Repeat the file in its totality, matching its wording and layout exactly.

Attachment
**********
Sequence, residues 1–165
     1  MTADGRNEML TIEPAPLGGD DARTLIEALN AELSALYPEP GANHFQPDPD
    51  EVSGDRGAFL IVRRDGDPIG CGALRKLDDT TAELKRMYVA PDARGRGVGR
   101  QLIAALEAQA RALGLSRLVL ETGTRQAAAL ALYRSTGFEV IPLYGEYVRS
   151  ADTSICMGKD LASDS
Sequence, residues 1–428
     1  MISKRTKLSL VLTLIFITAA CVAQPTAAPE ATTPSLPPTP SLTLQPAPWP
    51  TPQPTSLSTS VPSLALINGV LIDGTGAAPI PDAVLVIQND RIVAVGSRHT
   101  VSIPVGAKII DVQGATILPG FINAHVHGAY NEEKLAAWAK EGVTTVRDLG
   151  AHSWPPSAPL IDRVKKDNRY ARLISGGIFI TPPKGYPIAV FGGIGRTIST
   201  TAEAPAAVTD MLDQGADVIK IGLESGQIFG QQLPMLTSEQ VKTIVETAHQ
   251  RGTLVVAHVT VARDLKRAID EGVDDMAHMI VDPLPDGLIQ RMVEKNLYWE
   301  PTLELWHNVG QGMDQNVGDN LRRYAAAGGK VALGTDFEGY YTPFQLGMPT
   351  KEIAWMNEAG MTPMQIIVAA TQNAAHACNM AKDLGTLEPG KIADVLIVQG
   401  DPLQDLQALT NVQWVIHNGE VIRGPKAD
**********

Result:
Sequence, residues 1–165
     1  MTADGRNEML TIEPAPLGGD DARTLIEALN AELSALYPEP GANHFQPDPD
    51  EVSGDRGAFL IVRRDGDPIG CGALRKLDDT TAELKRMYVA PDARGRGVGR
   101  QLIAALEAQA RALGLSRLVL ETGTRQAAAL ALYRSTGFEV IPLYGEYVRS
   151  ADTSICMGKD LASDS
Sequence, residues 1–428
     1  MISKRTKLSL VLTLIFITAA CVAQPTAAPE ATTPSLPPTP SLTLQPAPWP
    51  TPQPTSLSTS VPSLALINGV LIDGTGAAPI PDAVLVIQND RIVAVGSRHT
   101  VSIPVGAKII DVQGATILPG FINAHVHGAY NEEKLAAWAK EGVTTVRDLG
   151  AHSWPPSAPL IDRVKKDNRY ARLISGGIFI TPPKGYPIAV FGGIGRTIST
   201  TAEAPAAVTD MLDQGADVIK IGLESGQIFG QQLPMLTSEQ VKTIVETAHQ
   251  RGTLVVAHVT VARDLKRAID EGVDDMAHMI VDPLPDGLIQ RMVEKNLYWE
   301  PTLELWHNVG QGMDQNVGDN LRRYAAAGGK VALGTDFEGY YTPFQLGMPT
   351  KEIAWMNEAG MTPMQIIVAA TQNAAHACNM AKDLGTLEPG KIADVLIVQG
   401  DPLQDLQALT NVQWVIHNGE VIRGPKAD